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JAC writes...

Mr. Greg,
I have full faith that you know what your doing, but I have to ask...how in the heck is future Neutron aware of the changes to the timestream if his entire criminal career never happened? For that matter, how/why did Impulse even travel back in time if the events that led him there never happened?
Time travel is only confuseing to those without common sense...its pretty cut-and-dry: if you go back in time & do something, thats what happened all along (there are really no such things as paradoxes), because if it didint, then there would be no reason to go.
Do you plan to rectify this plot hole, or just leave it as another "artistic liberty" for people to accept?
That may have sounded kind of snarky, but without some kind of "events have crrated an alternate universe," or other valid explanation, it seems kind of insulting to the intelligence of viewers when TV shows use time travel so flippently.
Thank you for your time.

Greg responds...

I'm sympathetic. This is NOT my favorite way to depict time-travel, as any regular viewer of GARGOYLES knows. (And there ARE such things as paradoxes, but some are WORKING PARADOXES and some are NON-WORKING PARADOXES. Otherwise, you're defining the word "paradox" too narrowly.)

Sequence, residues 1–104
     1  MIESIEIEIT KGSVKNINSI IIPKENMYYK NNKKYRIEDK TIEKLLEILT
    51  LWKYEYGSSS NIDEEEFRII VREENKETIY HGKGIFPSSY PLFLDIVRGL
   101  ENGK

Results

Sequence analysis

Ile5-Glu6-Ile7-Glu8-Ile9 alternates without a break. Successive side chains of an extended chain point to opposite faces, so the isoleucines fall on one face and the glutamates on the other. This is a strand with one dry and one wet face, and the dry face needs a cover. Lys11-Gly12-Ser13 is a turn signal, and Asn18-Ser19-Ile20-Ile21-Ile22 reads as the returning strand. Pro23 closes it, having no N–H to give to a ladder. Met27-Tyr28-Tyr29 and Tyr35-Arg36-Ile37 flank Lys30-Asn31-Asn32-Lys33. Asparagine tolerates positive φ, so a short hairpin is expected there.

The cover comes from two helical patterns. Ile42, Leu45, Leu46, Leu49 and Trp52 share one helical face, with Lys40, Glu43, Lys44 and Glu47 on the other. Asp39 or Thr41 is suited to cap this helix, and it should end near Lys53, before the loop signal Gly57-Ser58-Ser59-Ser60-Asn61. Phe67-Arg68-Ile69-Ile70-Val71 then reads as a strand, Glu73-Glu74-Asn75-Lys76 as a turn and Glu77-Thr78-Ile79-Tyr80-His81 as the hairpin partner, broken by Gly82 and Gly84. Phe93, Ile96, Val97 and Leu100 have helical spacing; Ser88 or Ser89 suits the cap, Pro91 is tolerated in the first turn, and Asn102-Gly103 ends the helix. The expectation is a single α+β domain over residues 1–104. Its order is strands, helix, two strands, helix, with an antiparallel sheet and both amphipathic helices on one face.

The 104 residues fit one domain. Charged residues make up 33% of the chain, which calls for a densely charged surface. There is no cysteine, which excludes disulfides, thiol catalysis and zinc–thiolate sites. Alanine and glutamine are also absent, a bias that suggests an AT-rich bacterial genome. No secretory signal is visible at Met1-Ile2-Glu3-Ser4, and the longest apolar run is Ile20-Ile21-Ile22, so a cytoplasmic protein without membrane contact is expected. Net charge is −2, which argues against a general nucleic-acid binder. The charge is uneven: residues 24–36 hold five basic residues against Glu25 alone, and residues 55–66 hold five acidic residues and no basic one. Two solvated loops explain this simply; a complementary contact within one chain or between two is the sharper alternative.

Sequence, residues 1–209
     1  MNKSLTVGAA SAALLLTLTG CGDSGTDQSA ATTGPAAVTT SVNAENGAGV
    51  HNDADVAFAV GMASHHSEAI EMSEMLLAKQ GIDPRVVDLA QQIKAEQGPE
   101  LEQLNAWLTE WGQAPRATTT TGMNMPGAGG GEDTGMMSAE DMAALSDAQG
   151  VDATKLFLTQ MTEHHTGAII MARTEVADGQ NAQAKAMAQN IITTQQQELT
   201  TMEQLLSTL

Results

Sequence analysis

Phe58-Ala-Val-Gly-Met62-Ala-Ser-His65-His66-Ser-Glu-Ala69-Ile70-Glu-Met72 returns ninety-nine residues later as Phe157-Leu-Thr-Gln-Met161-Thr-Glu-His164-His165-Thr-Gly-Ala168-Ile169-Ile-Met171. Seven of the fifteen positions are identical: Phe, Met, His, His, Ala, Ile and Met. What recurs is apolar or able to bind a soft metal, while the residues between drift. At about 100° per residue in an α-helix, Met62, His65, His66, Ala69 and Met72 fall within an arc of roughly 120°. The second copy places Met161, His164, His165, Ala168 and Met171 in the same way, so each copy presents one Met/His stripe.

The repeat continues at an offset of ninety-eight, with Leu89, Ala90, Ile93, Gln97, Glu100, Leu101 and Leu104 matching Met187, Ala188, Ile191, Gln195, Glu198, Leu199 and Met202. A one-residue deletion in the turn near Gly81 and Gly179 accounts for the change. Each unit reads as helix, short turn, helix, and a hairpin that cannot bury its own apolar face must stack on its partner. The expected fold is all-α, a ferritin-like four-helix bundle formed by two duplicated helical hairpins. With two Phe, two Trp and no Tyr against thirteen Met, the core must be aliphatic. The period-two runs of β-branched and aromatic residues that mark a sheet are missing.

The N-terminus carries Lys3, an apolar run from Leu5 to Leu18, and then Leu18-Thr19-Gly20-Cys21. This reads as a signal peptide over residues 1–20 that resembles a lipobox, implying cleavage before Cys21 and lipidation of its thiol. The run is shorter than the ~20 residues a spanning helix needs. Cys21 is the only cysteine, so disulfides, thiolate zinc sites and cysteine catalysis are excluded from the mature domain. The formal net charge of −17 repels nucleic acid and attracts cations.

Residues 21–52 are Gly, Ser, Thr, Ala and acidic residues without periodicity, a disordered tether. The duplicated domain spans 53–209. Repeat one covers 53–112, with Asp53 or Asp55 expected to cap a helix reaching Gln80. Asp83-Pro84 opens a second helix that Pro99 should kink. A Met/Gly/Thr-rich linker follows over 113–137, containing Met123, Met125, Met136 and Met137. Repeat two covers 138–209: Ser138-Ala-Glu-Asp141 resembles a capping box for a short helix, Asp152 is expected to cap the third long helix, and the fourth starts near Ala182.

But in the DC Universe, there are certain time travel conceits built in, and fairly irrevocably so.

But I tried to at least maintain a certain "BACK TO THE FUTURE" (first movie) consistency about it, at least. Neutron was close to the locus of the time machine's ground zero. So I can buy the idea that his memory lasts a little longer, as he probably was exposed to chronaton radiation. And Impulse is now part of the revised time stream.

I don't think we're being flippant. (And I do think you're being snarky, frankly, as you are basically stating that if we don't do time travel the way YOU like it done, we are insulting the intelligence of our audience. I don't buy that.)

Since - to our knowledge - time travel is an ENTIRELY fictional conceit - the fact that we're handling it (by strict rules) in a way that doesn't suit you (or even me) doesn't make it "wrong".

(The irony of course is that I spent years defending the strict, strict rules of Gargoyles' time travel, and now I find myself defending the flip side.)

Response recorded on November 06, 2012